© 2019 WSU Behavioral Health Innovations

Behavioral Health Innovations is a part of the Washington State University College of Medicine 

Website photography by Kathy Linford of E Squared Designs 

Partnerships with American Indian and Alaska Native Communities

 

HONOR

Helping Our Native Ongoing Recovery

Many American Indian/Alaska Native (AI/AN) communities struggle with disproportionately high rates of alcohol use in comparison to the general population. Despite this disparity, little information exists on effective alcohol treatments for AI/AN communities. Contingency Management (CM) is a low-cost intervention that gives participants rewards to reinforce positive behaviors, such as alcohol abstinence. Previous research suggests that CM is adaptable to many populations, and therefore might provide a promising alcohol treatment option for AI/ANs.

For the last five years we have been partnering with American Indian and Alaska Native communities to determine if contingency management for alcohol use is effective in improving outcomes in adults who are suffering from alcohol use disorders. The aim of this study is to determine whether rewarding abstinence from drugs, alcohol, or drugs and alcohol is the best way to reduce alcohol and drug use in a rural American Indian community. We have been partnering with these communities to determine whether a culturally tailored version of contingency management (which offers people rewards for abstaining from alcohol) can reduce alcohol use and lead to other healthy outcomes.

WASHINGTON STATE UNIVERSITY TEAM:

 

Principal Investigator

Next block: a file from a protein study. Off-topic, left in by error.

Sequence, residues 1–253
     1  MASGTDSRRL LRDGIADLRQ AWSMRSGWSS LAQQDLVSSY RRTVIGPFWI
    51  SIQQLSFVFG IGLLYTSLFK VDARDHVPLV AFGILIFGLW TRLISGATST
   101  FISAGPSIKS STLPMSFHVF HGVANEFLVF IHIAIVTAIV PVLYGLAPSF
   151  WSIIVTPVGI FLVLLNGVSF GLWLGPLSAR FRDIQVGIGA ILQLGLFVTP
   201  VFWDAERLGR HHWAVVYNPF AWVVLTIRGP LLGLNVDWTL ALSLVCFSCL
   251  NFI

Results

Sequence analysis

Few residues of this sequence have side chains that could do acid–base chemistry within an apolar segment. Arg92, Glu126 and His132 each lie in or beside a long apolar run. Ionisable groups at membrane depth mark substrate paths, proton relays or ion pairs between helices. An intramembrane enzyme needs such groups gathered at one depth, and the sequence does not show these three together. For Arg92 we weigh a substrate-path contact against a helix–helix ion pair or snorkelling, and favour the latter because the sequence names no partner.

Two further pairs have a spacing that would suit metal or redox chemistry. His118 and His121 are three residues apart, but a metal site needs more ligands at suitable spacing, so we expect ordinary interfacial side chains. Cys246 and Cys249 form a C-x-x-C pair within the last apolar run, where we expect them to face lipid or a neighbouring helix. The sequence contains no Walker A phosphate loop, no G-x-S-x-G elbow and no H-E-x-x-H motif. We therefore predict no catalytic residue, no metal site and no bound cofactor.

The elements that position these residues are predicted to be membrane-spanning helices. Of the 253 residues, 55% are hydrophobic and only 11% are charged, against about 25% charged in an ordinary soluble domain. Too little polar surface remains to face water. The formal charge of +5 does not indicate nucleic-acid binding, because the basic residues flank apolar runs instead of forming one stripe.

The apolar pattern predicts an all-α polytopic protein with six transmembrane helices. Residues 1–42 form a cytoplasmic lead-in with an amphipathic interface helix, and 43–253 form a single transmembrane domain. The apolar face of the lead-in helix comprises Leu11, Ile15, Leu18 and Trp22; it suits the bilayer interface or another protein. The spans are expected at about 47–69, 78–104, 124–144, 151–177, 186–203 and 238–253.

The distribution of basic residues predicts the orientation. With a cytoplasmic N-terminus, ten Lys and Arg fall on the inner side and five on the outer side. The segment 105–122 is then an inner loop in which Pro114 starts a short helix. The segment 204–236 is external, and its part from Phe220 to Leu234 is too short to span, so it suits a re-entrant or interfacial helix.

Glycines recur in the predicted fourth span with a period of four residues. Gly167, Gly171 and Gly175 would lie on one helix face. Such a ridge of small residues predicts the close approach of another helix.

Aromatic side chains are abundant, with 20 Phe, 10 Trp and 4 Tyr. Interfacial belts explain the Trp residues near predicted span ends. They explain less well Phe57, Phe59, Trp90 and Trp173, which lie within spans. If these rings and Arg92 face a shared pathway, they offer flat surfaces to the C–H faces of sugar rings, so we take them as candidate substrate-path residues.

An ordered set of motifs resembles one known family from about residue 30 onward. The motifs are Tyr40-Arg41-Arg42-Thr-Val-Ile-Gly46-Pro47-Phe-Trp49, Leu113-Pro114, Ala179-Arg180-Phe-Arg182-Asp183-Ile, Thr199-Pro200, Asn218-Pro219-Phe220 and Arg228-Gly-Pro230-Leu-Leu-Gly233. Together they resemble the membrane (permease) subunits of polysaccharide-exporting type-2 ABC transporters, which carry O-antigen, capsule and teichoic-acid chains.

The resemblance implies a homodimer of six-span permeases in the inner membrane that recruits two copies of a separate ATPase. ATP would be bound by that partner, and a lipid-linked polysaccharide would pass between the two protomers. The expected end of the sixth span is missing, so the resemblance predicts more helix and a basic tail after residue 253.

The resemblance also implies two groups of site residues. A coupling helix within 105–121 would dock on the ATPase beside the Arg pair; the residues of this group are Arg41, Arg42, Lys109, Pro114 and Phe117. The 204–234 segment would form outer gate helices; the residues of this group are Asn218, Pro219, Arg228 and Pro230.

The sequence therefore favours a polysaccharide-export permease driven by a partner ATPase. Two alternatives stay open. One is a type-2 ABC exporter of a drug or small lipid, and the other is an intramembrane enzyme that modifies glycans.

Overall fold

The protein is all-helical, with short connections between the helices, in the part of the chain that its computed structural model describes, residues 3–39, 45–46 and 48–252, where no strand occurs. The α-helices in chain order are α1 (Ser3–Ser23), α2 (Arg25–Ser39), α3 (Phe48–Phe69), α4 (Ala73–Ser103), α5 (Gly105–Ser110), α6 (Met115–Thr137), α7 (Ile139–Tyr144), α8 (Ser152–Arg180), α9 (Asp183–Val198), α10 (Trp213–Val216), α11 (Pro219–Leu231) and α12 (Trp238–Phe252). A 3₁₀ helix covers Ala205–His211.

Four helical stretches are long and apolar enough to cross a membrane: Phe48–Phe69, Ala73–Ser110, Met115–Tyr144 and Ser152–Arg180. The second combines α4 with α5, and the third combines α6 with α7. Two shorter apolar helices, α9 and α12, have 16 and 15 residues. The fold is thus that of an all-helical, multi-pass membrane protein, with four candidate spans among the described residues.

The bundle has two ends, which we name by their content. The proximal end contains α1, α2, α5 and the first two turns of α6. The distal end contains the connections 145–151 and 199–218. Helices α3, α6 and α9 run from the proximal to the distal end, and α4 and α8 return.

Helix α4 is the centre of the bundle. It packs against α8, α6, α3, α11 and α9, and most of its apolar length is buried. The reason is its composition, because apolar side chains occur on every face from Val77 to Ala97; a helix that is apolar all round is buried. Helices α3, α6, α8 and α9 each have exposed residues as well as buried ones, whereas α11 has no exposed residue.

Michael McDonell, Ph.D.

Dedra Buchwald, Ph.D.

Co-Investigators

Sterling McPherson, Ph.D.

John Roll, Ph.D.

Postdoctoral Researcher

Karl Alcover, Ph.D.

 

Lead Research Coordinator
Abram Lyons, MSW

 

UNIVERSITY OF WASHINGTON TEAM: 

 

Co-Investigators

Richard Ries, Ph.D.

Dennis Donovan, Ph.D.

PARTNERS

South Central Foundation - A Native-owned, non-profit health care organization serving Alaska Native and American Indian people living in Alaska. 

Urban Indian Health Care Clinic and Community Center in the Northwest 
 

Rural Reservation in the Northern Plains

COMPLETED RECRUITMENT

FINISHING DATA COLLECTION

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REWARDING RECOVERY 

Behavioral Health Collaborative for Rural

American Indian Communities

The Rewarding Recovery study is one of three research projects that make up a P20 center grant entitled The Center of Excellence to establish a Behavioral Health Collaborative in Rural American Indian Communities (BHCRAIC). The goal of BHCRAIC is to improve mental health and reduce substance abuse in rural American Indian (Al) communities through the development and dissemination of culturally appropriate prevention and intervention strategies. The Rewarding Recovery Study will determine whether an adapted contingency management intervention reduces alcohol and other drug use in 120 American Indian adults living in a Northern Plains community.

WASHINGTON STATE UNIVERSITY TEAM:

 

Principal Investigators
Sterling McPherson, Ph.D.

Dedra Buchwald, M.D.

 

Project 1 Lead
Michael McDonell, Ph.D.

ANALYZING RESULTS

NO LONGER RECRUITING PARTICIPANTS

National Institute on Minority Health Logo
 

Native Center for Alcohol Research and Education

The goal of the Native Center for Alcohol Research and Education (NCARE) is to nurture innovative research on health inequities among American Indians and Alaska Natives (AI/ANs) due to alcohol use disorders (AUDs), including their prevention, diagnosis, treatment, and consequences across the lifespan. One critical strategy for achieving this goal is to fund pilot projects that will develop novel prevention and treatment interventions for alcohol use disorders in AI/AN communities.

 

The Pilot Project Core of NCARE is designed to identify and allocate substantial funding to support pilot projects that rigorously test practices, treatments, educational efforts, and policies that can affect sustained, widespread reductions in AI/AN health disparities due to AUDs.

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WASHINGTON STATE UNIVERSITY TEAM:

 

Principal Investigator
Dedra Buchwald, M.D.

 

Pilot Project Core Lead
Michael McDonell, Ph.D.